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Shedding light on Christian persecution around the world.

Wedding photo of Sama'an and Rasha

Sama’an Nazmi, a Coptic Christian from the garbage slums of Manshier Nasr, jumped up off the couch and sprinted out the door upon hearing gunfire and screams in the streets outside. Coptic youth had been staging a protest, causing enough racket that village priests urged them to stop before they attracted the attention of radical mobs who may use violence to forcefully halt the demonstration. The protestors – agitated over a church that had been burned to the ground by Islamists days earlier in a nearby village – refused to back down.

Villagers knew the protests were getting out of hand once the military arrived. Still, they could not convince their sons to come home. Instead, families gathered together, locked their doors, held hands, and prayed. When gunfire was heard, no one was surprised. In fact, many, like Sama’an, had been expecting it and were waiting to respond, knowing that help would be needed.

Don’t go!” Sama’an’s mother shouted after him as he fled out the door. “I’m not afraid,” Sama’an replied on the run. “I need to protect my church and family.”

We didn’t want to see him go,” Sama’an’s mother told ICC. “But he wanted to help those who were injured.”

Bullets still flying, Sama’an hurriedly searched for the injured and offered whatever assistance he could give.

Sama’an’s efforts were short lived, however. His wife, Rasha (not real name), had followed closely behind him before stopping at the top of the hill where she could see the upcoming events unfold. “I saw Sama’an helping an injured youth to his feet,” Rasha explained through a translator. “And then Sama’an dropped to the ground.”

A shrill scream pierced the village. Rasha tried to go to her husband, but her legs locked and she fell desperately to her knees. Crawling toward him and toward the battle that pressed on, villagers had to grab her to hold her back.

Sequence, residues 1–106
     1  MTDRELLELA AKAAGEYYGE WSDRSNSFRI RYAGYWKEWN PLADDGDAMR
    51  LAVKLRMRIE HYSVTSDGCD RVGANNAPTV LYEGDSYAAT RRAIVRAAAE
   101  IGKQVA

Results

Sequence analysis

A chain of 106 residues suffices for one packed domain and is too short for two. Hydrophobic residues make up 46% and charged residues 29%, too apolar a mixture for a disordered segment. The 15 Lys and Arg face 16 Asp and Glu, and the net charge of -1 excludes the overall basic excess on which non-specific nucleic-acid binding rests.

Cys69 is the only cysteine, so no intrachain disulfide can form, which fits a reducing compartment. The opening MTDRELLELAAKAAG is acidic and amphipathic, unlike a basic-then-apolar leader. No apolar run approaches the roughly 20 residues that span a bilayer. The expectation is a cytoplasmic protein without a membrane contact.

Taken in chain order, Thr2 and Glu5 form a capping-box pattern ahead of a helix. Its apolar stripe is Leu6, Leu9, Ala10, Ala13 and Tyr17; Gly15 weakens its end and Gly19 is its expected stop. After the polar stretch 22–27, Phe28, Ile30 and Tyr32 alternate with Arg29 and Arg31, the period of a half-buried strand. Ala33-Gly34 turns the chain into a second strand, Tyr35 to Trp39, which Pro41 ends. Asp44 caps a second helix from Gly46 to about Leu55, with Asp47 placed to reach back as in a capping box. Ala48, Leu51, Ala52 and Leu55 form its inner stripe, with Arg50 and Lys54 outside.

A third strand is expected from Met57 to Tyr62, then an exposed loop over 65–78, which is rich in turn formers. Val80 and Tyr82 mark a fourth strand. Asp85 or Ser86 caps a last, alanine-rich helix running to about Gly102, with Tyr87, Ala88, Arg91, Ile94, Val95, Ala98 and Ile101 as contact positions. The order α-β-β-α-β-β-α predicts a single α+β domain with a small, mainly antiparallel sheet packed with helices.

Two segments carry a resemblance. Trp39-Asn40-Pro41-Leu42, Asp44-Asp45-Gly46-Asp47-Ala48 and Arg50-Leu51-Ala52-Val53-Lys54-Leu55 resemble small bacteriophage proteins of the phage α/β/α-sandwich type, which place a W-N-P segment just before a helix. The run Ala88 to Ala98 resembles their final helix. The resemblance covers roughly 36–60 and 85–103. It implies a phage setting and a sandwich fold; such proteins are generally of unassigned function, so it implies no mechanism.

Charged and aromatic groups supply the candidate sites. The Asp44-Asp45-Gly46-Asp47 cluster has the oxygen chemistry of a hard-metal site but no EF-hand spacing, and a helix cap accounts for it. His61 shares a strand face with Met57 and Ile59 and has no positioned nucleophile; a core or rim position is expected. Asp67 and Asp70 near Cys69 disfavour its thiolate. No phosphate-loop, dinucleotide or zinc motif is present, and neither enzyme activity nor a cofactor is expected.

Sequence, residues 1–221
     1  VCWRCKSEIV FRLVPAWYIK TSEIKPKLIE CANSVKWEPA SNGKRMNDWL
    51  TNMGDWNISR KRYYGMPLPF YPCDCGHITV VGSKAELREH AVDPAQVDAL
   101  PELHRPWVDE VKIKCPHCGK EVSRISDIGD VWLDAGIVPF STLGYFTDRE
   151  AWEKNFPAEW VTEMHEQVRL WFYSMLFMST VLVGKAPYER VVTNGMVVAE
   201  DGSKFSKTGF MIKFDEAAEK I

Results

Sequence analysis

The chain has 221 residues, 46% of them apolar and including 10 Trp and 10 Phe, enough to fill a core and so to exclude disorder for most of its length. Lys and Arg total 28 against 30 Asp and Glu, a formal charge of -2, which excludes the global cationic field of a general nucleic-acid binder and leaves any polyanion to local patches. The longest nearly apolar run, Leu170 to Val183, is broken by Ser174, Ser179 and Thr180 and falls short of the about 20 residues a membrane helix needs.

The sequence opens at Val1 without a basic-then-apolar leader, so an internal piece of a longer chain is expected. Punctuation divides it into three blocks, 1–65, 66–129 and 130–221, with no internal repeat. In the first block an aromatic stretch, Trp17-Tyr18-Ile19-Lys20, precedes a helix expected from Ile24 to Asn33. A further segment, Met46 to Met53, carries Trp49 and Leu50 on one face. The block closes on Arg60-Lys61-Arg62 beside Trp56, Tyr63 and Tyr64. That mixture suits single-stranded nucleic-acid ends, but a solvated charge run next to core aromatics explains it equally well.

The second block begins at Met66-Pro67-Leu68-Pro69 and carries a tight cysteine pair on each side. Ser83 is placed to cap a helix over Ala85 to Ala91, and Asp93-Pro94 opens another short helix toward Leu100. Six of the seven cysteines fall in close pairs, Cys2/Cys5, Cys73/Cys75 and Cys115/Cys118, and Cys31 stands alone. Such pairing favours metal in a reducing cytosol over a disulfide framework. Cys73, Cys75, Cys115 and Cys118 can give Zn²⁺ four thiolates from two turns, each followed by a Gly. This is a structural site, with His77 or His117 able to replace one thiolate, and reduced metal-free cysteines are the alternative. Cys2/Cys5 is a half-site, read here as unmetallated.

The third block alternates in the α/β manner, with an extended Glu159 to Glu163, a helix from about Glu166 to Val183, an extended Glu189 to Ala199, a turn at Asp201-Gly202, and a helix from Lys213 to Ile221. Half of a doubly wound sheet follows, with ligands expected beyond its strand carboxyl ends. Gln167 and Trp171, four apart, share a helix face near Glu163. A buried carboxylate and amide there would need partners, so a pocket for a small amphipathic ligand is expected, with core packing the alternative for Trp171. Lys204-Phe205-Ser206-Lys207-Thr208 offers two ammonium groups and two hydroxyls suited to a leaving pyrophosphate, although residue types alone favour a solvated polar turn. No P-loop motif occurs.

I couldn’t get to him,” she lamented. “But when he fell, I knew he was dead. I knew there was nothing I could do.”

They take our children, our money, our power. They take everything,” Sama’an’s mother continued. “What do they want from us?

Sama’an’s family lives off less than two dollars a day which is earned by collecting and recycling Cairo’s trash. With Sama’an’s death, the family lost their only provider. Sama’an’s father is also out of the picture, having been arrested a year earlier for owning a pig, which became illegal in Cairo after the swine epidemic of 2009. It will be another four years before he is released. The women and children are now left to fend for themselves.

Sipping tea with Sama’an’s family in their home, Rasha took a framed wedding photo from the wall and handed it to me. A beautiful bride and handsome groom, in love, posed confidently for the camera. I looked at the bride and hardly recognized her. Rasha’s face, though still young, had aged quickly over the past few months by the stress and hard labor that a poor widow must bear in Egypt. How could Rasha have known her life would turn out this way?